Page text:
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Lessons Learned

The University of Tennessee, Knoxville

Pedagogical Improvement Techniques

What techniques contributed most to improving the quality of student learning?

In-class pedagogy. The most salient positive aspect of the redesigned course has been the pedagogical changes that resulted from removing the vocabulary and grammar practices from the classroom to the computer. In-class time can be spent on using the foreign language instead of talking about it. In-class activities now emphasize speaking and writing and encourage students to negotiate meaning, interact with each other and collaborate on tasks in the foreign language. Research in second language acquisition indicates that for students to internalize what they learn, they must be given opportunities to produce the foreign language both orally and in writing.

Online activities and resources. Reading, writing and grammar exercises were moved online and redesigned to incorporate a rich array of learning resources and activities. Over 400 graphic, audio and video files were keyed to course concepts. The textbook and workbook exercises previously used in a paper format were moved online along with directions for use and model answers. Students received immediate (automated) feedback and detailed grammatical explanations about their work. Exercises were divided between practice exercises that could be taken as many times as needed and quizzes that could be taken only once for a grade.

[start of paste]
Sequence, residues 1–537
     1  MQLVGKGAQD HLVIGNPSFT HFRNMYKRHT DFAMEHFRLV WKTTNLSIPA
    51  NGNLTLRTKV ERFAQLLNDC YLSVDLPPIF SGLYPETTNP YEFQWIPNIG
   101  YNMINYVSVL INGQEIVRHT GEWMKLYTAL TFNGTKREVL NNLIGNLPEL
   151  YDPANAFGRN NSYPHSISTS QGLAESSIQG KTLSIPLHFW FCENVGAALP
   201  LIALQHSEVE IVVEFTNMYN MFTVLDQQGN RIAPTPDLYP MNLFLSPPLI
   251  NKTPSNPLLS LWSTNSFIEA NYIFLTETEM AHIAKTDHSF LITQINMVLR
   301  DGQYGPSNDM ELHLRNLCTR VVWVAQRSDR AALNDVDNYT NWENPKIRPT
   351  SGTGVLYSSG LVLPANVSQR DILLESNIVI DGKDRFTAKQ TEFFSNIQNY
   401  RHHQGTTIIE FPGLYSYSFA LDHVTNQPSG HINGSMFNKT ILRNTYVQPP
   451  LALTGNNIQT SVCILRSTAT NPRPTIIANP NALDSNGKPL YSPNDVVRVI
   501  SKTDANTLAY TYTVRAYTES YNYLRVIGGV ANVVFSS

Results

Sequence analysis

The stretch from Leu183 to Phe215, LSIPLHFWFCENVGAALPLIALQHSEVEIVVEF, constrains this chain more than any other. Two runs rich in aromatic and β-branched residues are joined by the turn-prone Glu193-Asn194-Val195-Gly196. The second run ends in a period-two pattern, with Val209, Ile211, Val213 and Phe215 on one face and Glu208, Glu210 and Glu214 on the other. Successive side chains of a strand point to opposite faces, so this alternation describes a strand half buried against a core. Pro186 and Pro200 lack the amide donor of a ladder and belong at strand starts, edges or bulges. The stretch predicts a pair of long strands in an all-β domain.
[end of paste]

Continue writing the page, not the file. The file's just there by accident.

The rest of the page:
Collaborative homework assignments encouraged online student discussions and tasks done interactively with a small group of students. Vocabulary translations and listening comprehension exercises were provided for each chapter along with links to online Spanish dictionaries. For each chapter a printable checklist was developed that included chapter outcomes and all exercises in order of completion; specified how the chapter was structured; distinguished the practice exercises from graded ones; included due dates; and allowed students to track the exercises they have completed and to record their scores. Collectively these online resources and activities provide an active learning environment and increase student engagement with the course content and with each other.

Opportunities for continuous improvement. The use of a wide array of learning resources has highlighted the flexibility of the online environment for continuous improvement. During each phase of implementation, the course team has been able to modify, update and revise various learning experiences based on what worked well and what did not. Student feedback on the clarity and number of assignments, as well as need for greater explanations and models has provided multiple good indicators for areas needing change. Each of these concerns has been addressed, while those materials that were working well continued to provide good learning experiences. The online environment permits flexibility in design and expansion where needed, and changes are made in a timely way.

Cost Reduction Techniques

What techniques contributed most to reducing costs?